Roush Review: A Mother’s Grief Turns Into Activism in ‘Women of the Movement’
Hell hath no fury like a mother grieving an unjustly slain son, and few had the lasting social impact of Mamie Till-Mobley. Airing over three Thursdays (continuing January 13 and 20), Women of the Movement is primarily Mamie’s story, about a woman who helped ignite the Civil Rights Movement after her sorrow hardens into a grim resolve to not let her murdered 14-year-old boy be forgotten.
This is the sort of socially conscious, emotionally driven miniseries that used to be a staple of broadcast TV before the format drifted to cable and, more recently, to streaming. While Women isn’t particularly adventurous in its by-the-history-books storytelling, Tony winner Adrienne Warren (Tina Turner in Tina) grounds the series with a powerfully impassioned performance as Mamie, a doting single mother facing her worst nightmare after she lets her beloved Emmett (earnest, exuberant Cedric Joe) travel from progressive Chicago to Mississippi to visit his uncle in August 1955.
“You keep your whole head down,” she warns Emmett before he leaves. But that’s not his style, and when he fails to show proper humility to a white female shopkeeper in the Jim Crow South, his fate is sealed. The circumstances of his murder by vengeful racists are horrible, but Movement only truly begins once Mamie maneuvers to retrieve and ship his disfigured body back home, where she insists on a public wake and an open casket that would be viewed by more than 10,000 spectators.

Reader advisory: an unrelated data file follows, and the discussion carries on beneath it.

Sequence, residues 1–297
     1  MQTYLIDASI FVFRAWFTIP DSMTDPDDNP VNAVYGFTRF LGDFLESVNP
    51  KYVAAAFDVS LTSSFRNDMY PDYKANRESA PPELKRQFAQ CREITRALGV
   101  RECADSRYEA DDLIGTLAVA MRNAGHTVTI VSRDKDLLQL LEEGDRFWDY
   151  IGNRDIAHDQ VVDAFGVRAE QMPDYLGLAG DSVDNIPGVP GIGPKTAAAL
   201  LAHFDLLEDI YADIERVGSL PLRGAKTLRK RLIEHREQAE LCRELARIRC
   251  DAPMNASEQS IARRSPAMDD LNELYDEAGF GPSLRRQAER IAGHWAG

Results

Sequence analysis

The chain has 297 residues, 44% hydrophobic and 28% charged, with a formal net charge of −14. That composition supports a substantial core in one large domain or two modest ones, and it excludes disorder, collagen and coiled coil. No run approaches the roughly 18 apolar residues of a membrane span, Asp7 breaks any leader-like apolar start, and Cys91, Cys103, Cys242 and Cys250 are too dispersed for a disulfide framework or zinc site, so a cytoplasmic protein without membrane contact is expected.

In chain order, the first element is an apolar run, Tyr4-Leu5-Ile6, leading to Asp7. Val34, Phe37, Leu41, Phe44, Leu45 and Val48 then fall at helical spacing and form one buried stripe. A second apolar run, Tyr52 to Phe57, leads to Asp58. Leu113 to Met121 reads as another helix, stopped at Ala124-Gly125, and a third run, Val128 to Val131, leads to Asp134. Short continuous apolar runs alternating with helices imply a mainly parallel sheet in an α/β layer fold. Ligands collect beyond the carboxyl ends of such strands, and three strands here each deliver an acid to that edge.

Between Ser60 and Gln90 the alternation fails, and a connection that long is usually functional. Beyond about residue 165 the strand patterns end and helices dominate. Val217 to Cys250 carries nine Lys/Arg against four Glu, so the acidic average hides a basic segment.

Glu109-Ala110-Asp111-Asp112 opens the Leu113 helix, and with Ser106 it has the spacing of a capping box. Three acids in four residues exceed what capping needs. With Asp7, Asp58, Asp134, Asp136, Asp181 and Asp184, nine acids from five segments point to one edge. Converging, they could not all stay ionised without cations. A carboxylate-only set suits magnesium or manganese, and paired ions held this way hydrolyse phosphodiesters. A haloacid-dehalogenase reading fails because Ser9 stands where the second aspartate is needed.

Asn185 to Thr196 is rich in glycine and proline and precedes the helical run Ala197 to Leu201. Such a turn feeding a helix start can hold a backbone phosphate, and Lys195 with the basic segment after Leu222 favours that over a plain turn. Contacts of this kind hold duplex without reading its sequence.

“I want them to see what was taken from me,” Mamie declares, as young Emmett becomes a viscerally visible symbol of racism’s evil. The ensuing trial, before an all-white jury in a courthouse with no “colored” restrooms, is as infuriating to watch as it is laboriously dramatized over several episodes. While Mamie’s frustration grows, she is urged by NAACP supporters to “just keep showing up.” Local civil rights leader Dr. T.R.M. Howard (Alex Désert) reminds her, “You are showing them that we do feel, that we…love like them.”
That much is never in doubt as Warren depicts Mamie’s evolution into a public figure, embarking on a speaking tour to control the narrative. She eventually begins to feel left behind when activists like Rosa Parks enter the scene, but no one could doubt Mamie played her part, ensuring that Emmett Till’s name endures well beyond those who so savagely took his life.
Women of the Movement, Limited Series Premiere, Thursday, January 6, 8/7c, ABC